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Is Hanyu Quad Axel Quest a Fool's Errand?

by George S. Rossano

(26 December 2021)  Yuzuru Hanyu won his sixth Japanese national title with 322.26 points. In his free skate he attempted the first quad Axel in competition, a jump he has set his sights on for several years, and a goal that has cost him injury and missed competition this season in the ISU Grand Prix.  His attempt in Saitama was missing more than one-half rotation and was landed  on two feet.  A downgraded quad Axel with a GoE of -5 has a value of 4.00 points, less than a base value triple toe loop.

The attempt is the first jump in his free skate program

In In Search of the Quad Axel we discuss the height and rotation requirements to successfully fully rotate a quad Axel.

Playing the above competition video at one-quarter speed and measuring the time in the air several times, we come up with a time in the air of 0.75 seconds.  This is about as much time in the air that elite skaters ever achieve.  To fully rotate an attempt with that time in the air requires an average rotation rate in the air of 6.0 rotations per second and a peak rotation rate of nearly 7 rotations or more, which is where the attempt comes far short.

The average rotation rate of this attempt is 5.3 rotations per second, well above what is typical for a triple Axel, but far short of what is needed for a quad Axel; in other words, not even close.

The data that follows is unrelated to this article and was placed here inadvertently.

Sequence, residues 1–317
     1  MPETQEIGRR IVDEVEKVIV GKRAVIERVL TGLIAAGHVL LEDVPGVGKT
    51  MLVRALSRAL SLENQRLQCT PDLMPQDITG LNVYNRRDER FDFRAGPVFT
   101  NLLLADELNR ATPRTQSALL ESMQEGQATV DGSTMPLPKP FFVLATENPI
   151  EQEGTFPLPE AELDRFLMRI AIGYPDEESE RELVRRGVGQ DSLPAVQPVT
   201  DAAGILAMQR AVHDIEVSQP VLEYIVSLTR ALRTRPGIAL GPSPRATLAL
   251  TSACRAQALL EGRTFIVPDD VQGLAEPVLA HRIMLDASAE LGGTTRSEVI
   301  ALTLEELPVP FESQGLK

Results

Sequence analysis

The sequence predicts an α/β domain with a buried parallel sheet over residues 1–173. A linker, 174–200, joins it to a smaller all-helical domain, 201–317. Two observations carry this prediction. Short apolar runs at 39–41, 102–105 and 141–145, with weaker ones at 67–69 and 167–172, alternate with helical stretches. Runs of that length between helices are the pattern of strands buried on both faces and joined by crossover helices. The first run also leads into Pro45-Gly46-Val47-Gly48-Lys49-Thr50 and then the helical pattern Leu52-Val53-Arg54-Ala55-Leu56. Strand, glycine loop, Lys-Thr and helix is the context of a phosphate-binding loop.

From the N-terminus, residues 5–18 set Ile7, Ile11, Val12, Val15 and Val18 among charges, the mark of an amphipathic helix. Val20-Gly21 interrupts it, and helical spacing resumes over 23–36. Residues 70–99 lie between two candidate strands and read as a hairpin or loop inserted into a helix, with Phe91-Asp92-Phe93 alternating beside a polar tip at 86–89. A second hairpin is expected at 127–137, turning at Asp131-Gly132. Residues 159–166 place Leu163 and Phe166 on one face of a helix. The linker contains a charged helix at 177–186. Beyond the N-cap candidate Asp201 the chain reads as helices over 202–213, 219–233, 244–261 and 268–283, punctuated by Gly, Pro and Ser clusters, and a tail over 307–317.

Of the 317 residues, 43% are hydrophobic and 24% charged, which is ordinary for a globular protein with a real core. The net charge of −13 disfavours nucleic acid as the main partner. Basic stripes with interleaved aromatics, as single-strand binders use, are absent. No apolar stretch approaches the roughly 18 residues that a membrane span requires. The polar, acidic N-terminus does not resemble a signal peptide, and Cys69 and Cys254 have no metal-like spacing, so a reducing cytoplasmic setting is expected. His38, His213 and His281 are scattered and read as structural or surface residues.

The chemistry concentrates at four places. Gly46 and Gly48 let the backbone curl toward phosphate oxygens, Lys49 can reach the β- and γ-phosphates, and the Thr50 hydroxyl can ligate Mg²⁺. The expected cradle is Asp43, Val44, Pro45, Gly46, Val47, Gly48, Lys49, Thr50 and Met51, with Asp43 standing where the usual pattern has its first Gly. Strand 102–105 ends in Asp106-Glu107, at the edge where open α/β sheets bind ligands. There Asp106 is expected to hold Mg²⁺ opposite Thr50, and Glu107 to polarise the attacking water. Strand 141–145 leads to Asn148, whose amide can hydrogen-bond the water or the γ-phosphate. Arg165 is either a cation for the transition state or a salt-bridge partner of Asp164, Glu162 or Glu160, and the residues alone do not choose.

Breaking this down a little further, Hanyu's rotation rate is significantly greater on the first half of flight (takeoff to peak of the jump) and well over 6 rotations a second, but much slower on the second half.  So the problem is not a lack of torque and initial angular momentum on the takeoff.  Rather the problem is control of the moment of inertia in the air.  That is, the main flaw in this attempt is the air position that slows the rotation.

In this attempt, there is too much "light" between the legs, which are not perfectly straight and the elbows stick out too far with the arms not tight against the torso - with a look we refer to as "helicopter arms."  These three position defects increase the moment of inertia and slow the rotation rate.

Comparing Hanyu's air position to Nathan Chens' there is a significant difference in technique between the two.  Chen uses flat palms against the chest with forearms fully in contact with the torso.  Hanyu uses a fist into palm, in front of the sternum.  Hanyu's position leaves the elbows farther from the rotation axis than Chen and allows the elbows to more easily open outwards away from the rotation axis.  Chen's position is more stable and resistant to "helicopter arms" in the air.

Getting more takeoff angular momentum for this jump is probably not obtainable, so to get this jump to full rotation would require reducing the moment of inertia by 12% or more.  Whether Hanyu can improve the position enough to get there remain to be seen, but given how long he was worked on this jump and how far off the mark it still is dynamically, it seems unlikely.

The question we asked earlier in the season remains.  Does Hanyu want to be a three time Olympic Champion, or does he want to be the first skater who attempted a quad Axel at the Olympics and lost.

Copyright 2021 by George S. Rossano